USCIS Director Francis Cissna revealed in a letter a series of policies that are believed will make certain types of immigration far more difficult. The restrictions will include limitation on the H-1B visa and the ability of H1-B recipient's spouses to work. The laws will also affect foreign entrepreneurs from having an immigration option.

225 arrested on immigration charges in New York

A recent sweep resulted in the arrests of 225 individuals. All were detained on immigration charges in the state of New York. The arrests were made by Immigration Customs and Enforcement during its six day Operation Keep Safe In New York. 

ICE officials were reportedly pleased with the effort to remove immigrants in violation of the law off the streets. They maintain that these numbers could be easily arrested every week if the sanctuary city of New York would allow its law enforcement officials to work with them. As the policies now stand, the city and local police departments only turns over individuals that are on a domestic terrorist list or who have been convicted of one of 170 serious offenses.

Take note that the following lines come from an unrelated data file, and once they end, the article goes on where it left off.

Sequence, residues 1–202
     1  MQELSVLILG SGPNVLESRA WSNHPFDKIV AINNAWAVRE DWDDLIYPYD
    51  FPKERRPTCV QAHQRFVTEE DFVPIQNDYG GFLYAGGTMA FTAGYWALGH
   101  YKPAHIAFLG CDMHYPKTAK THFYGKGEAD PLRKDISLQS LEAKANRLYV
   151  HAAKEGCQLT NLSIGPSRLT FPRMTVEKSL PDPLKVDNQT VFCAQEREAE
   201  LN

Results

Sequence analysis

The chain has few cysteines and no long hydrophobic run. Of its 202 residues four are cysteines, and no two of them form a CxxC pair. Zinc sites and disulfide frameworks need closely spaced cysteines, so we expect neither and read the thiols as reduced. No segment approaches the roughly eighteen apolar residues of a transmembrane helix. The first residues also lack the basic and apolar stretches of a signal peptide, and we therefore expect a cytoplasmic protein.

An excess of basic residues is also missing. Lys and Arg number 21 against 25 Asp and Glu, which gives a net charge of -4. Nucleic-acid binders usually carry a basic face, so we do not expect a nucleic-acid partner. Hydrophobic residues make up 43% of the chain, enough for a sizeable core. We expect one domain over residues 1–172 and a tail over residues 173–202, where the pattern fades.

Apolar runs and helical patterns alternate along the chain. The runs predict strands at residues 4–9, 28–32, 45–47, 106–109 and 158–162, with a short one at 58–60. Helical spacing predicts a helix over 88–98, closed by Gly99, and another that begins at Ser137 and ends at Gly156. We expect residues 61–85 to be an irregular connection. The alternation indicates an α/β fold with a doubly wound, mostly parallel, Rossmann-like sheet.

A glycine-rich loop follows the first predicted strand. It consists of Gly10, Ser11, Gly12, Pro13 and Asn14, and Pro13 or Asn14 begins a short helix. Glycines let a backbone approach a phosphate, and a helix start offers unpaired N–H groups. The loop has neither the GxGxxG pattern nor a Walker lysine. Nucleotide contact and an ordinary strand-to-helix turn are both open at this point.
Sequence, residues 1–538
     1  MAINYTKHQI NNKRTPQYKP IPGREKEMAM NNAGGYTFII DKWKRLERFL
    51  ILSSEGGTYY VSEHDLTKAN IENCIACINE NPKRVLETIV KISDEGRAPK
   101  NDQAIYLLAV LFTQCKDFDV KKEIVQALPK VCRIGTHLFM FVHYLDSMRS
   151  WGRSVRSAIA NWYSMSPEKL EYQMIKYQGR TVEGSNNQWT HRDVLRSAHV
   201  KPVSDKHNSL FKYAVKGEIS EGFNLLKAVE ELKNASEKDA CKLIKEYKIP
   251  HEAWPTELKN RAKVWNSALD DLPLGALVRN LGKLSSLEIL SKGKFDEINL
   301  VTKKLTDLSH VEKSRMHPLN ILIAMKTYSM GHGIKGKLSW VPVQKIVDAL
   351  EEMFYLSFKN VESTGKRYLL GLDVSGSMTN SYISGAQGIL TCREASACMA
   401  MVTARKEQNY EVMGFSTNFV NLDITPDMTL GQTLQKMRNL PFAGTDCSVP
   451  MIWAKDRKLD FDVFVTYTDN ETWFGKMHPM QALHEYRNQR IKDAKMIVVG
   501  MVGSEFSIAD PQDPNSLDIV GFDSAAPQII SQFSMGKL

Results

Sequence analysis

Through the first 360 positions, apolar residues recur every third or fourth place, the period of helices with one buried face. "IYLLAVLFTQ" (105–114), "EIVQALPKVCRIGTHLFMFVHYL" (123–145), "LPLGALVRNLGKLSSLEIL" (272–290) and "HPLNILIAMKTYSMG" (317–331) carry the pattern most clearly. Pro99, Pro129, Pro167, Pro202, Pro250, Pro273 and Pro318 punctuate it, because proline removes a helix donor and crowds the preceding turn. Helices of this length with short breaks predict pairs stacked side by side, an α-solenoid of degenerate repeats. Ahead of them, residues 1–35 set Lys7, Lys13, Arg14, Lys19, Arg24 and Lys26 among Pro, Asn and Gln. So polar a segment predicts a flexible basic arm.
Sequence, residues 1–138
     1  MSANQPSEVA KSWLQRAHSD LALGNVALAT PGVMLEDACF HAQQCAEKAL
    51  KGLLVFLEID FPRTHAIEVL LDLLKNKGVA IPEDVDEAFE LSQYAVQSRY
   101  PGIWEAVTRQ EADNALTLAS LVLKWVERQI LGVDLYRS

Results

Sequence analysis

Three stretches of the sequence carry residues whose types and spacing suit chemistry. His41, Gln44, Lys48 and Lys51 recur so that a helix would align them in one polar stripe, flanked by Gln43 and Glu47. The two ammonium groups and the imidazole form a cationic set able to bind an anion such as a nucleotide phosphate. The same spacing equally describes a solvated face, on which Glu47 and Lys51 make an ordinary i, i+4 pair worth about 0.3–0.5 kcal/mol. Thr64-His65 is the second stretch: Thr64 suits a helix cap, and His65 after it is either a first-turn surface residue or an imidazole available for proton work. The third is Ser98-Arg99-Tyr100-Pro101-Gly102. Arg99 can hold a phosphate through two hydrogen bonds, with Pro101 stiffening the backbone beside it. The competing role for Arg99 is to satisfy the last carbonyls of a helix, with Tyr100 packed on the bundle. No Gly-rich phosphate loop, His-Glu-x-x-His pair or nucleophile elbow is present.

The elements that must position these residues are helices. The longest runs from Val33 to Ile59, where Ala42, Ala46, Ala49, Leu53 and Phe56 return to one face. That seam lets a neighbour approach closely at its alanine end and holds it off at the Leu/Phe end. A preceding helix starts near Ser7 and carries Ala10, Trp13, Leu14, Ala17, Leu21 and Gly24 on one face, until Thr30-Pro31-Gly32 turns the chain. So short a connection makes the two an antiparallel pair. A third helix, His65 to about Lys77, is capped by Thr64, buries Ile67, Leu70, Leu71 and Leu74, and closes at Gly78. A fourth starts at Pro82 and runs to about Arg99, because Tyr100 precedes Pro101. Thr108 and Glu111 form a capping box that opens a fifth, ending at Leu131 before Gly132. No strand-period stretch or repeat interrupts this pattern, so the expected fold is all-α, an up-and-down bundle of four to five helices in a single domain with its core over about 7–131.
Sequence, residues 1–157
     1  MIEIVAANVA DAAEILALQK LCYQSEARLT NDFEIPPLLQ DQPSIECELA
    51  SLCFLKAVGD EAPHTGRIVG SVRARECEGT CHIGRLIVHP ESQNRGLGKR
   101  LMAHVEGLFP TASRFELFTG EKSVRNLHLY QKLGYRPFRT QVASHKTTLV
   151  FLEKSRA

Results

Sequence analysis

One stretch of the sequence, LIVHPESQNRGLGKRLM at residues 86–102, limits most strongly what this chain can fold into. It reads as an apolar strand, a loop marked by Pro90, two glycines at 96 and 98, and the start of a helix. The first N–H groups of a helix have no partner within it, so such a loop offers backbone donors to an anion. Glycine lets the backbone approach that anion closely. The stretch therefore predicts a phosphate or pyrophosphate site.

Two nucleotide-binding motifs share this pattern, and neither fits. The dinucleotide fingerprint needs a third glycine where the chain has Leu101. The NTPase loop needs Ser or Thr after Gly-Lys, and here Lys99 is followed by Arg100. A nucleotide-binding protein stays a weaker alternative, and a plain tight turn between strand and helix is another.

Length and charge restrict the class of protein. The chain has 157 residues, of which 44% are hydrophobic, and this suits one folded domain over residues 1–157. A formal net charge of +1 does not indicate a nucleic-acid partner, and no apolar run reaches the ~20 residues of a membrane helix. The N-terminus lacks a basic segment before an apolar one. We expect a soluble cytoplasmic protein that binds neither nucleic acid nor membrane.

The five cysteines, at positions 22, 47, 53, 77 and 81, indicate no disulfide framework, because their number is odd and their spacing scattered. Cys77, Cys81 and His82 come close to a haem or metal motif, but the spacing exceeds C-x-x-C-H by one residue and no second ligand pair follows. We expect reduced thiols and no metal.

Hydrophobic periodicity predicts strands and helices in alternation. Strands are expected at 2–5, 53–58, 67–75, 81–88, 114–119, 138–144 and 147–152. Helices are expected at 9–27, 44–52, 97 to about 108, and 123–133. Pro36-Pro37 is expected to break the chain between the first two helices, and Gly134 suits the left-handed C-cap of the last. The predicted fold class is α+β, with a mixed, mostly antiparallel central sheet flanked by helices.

Changes in US immigration law end advice for detainees

Laws for individuals attempting to relocate to this country have been rapidly shifting lately, and a new wave of laws brings new changes. One recent change to US immigration law is that a program offering free legal advice to immigrants in detention centers in the United States will be ended. Other laws seek to end the way asylum seekers are handled at the border and adopt a zero-tolerance policy on border crossings. New York immigrants facing detention and deportation will have less resources available to them and may need to reach out for outside independent help. 

A program run by the Vera Institute for Justice will be ended while it undergoes efficiency reviews, which the government has reported have not taken place in six years. The program helps to explain an immigrant's legal rights while he or she is being detained and offer support to those individuals who do not already have a lawyer. One Department of Justice study actually found the program to be a significant money saver for the federal government, but it seems as if it will be halted anyway.